My first reaction to reading reports of Chelsea Clinton’s nuptials was ”Thank goodness I have boys,” since the estimated three to five million dollar bill for the so-called Wedding of the Century just upped the tab for parents of the bride everywhere.
My second reaction was a sense of profound disappointment.
Chelsea Clinton seems like a lovely woman, and I do wish her and her new husband well. But this is just… well, as another generation would say, it’s just unseemly.
Like all forms of conspicuous consumption, nuptials went on steroids in the aughts, with bridezillas going from rareity to common phenom. When The Great Recession began, it seemed as if the monster wedding was going to be downsized, with the average tab falling in the first years of the current downturn. Unfortunately, such restraint did not last, and a survey recently released by the WE found that the cost of a wedding has soared by 21.9% in the past year.
In a world where we need to constantly tell our children that what matters is not what they have but who they are and what they believe because the pressure to have “the right” cellphone, clothes, vacation destination can seem overwhelming, Chelsea Clinton and family just made all our jobs harder. Airspace over Rhinebeck might have been closed off for twelve hours, but Chelsea Clinton did not have a private wedding, unless your definition of private is simply the invite list. Someone made sure to release all the details, from the catering bill that could have sent several students to Harvard on full scholarships to the chi-chi Vera Wang bridal gown dress that must have cost at least $20,000.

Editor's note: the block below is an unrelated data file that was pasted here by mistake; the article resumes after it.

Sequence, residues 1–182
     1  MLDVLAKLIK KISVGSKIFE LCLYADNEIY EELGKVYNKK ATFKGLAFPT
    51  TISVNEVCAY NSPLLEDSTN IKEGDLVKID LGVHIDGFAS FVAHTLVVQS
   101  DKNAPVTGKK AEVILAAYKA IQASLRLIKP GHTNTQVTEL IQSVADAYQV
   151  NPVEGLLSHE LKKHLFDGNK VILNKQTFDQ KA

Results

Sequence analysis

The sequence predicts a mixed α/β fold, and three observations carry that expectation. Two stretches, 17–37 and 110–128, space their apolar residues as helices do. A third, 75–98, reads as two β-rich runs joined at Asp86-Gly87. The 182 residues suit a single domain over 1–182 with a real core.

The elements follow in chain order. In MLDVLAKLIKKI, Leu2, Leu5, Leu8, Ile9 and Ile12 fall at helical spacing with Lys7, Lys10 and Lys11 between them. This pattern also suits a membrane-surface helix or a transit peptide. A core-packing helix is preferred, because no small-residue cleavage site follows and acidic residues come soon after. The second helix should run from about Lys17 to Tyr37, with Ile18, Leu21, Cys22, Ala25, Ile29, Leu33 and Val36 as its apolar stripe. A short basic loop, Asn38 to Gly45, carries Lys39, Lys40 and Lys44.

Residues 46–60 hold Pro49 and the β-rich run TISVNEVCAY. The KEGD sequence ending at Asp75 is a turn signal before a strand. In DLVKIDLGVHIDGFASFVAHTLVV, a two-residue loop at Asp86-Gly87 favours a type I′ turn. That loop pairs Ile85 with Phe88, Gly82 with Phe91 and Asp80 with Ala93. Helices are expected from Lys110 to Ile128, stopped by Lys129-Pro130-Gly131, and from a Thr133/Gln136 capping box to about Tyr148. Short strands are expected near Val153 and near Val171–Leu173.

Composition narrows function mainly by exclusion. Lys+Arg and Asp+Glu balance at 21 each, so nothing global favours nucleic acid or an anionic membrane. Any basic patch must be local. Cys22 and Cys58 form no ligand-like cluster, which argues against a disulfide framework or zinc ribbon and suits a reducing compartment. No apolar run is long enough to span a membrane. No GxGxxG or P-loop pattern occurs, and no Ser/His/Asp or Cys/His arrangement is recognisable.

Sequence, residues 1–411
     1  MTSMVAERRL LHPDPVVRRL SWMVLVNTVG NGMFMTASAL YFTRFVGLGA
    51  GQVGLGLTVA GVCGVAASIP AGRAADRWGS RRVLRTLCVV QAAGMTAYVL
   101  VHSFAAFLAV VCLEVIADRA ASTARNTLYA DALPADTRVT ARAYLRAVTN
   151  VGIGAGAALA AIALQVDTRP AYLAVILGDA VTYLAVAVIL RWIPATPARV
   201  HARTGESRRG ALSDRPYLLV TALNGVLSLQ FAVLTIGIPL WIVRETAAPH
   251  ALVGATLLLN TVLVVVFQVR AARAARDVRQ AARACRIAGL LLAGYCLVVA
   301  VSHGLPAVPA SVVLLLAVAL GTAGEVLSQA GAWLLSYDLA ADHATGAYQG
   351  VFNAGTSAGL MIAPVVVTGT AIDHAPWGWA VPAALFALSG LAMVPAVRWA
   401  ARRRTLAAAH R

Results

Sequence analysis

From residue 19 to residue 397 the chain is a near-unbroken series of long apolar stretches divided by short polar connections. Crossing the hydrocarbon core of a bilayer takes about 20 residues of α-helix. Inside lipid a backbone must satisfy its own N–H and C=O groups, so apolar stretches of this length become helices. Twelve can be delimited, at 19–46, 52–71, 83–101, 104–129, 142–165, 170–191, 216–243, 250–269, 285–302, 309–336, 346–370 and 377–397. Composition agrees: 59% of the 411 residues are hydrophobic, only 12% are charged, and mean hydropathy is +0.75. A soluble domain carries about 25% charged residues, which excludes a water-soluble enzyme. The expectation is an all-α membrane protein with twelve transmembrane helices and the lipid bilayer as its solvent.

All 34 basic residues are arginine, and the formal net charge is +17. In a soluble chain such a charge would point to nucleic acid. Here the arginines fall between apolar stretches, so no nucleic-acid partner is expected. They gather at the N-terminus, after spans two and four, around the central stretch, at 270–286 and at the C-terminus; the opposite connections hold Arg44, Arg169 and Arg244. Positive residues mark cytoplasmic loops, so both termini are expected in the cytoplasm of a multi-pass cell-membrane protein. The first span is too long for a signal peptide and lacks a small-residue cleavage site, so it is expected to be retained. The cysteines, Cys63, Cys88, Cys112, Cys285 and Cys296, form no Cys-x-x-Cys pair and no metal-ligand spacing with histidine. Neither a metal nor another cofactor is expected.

And that’s just the unspoken consequence of the outrageous spending. The unstated assumption of Clinton blow-out was even more ghastly for girls, as our very own Madeline pointed out. The celebratory coverage as well as numerous statements from both Bill and Hillary Clinton saying Chelsea’s wedding day it was the most important event in their lives, implied that the most significant thing a woman can do — even in supposedly enlightened 2010 — is marry, and marry well.
The right wing is having a field day, of course, and while the hypocrisy reaks (Meg Whitman’s $100 million self-funded campaign for governor of California anyone?) I can’t say I completely disagree with their objections to this bout of mindless spending in a country where there are more than five unemployed people for every job opening. I get the counter-argument that the Clinton family has the money and has the right to spend it as they will, that they are not some hardship case spending funds they don’t have in an effort to keep up with the Joneses. On the other hand, the same thing could have been said about Marie Antoinette.
Photo: Runako Godfrey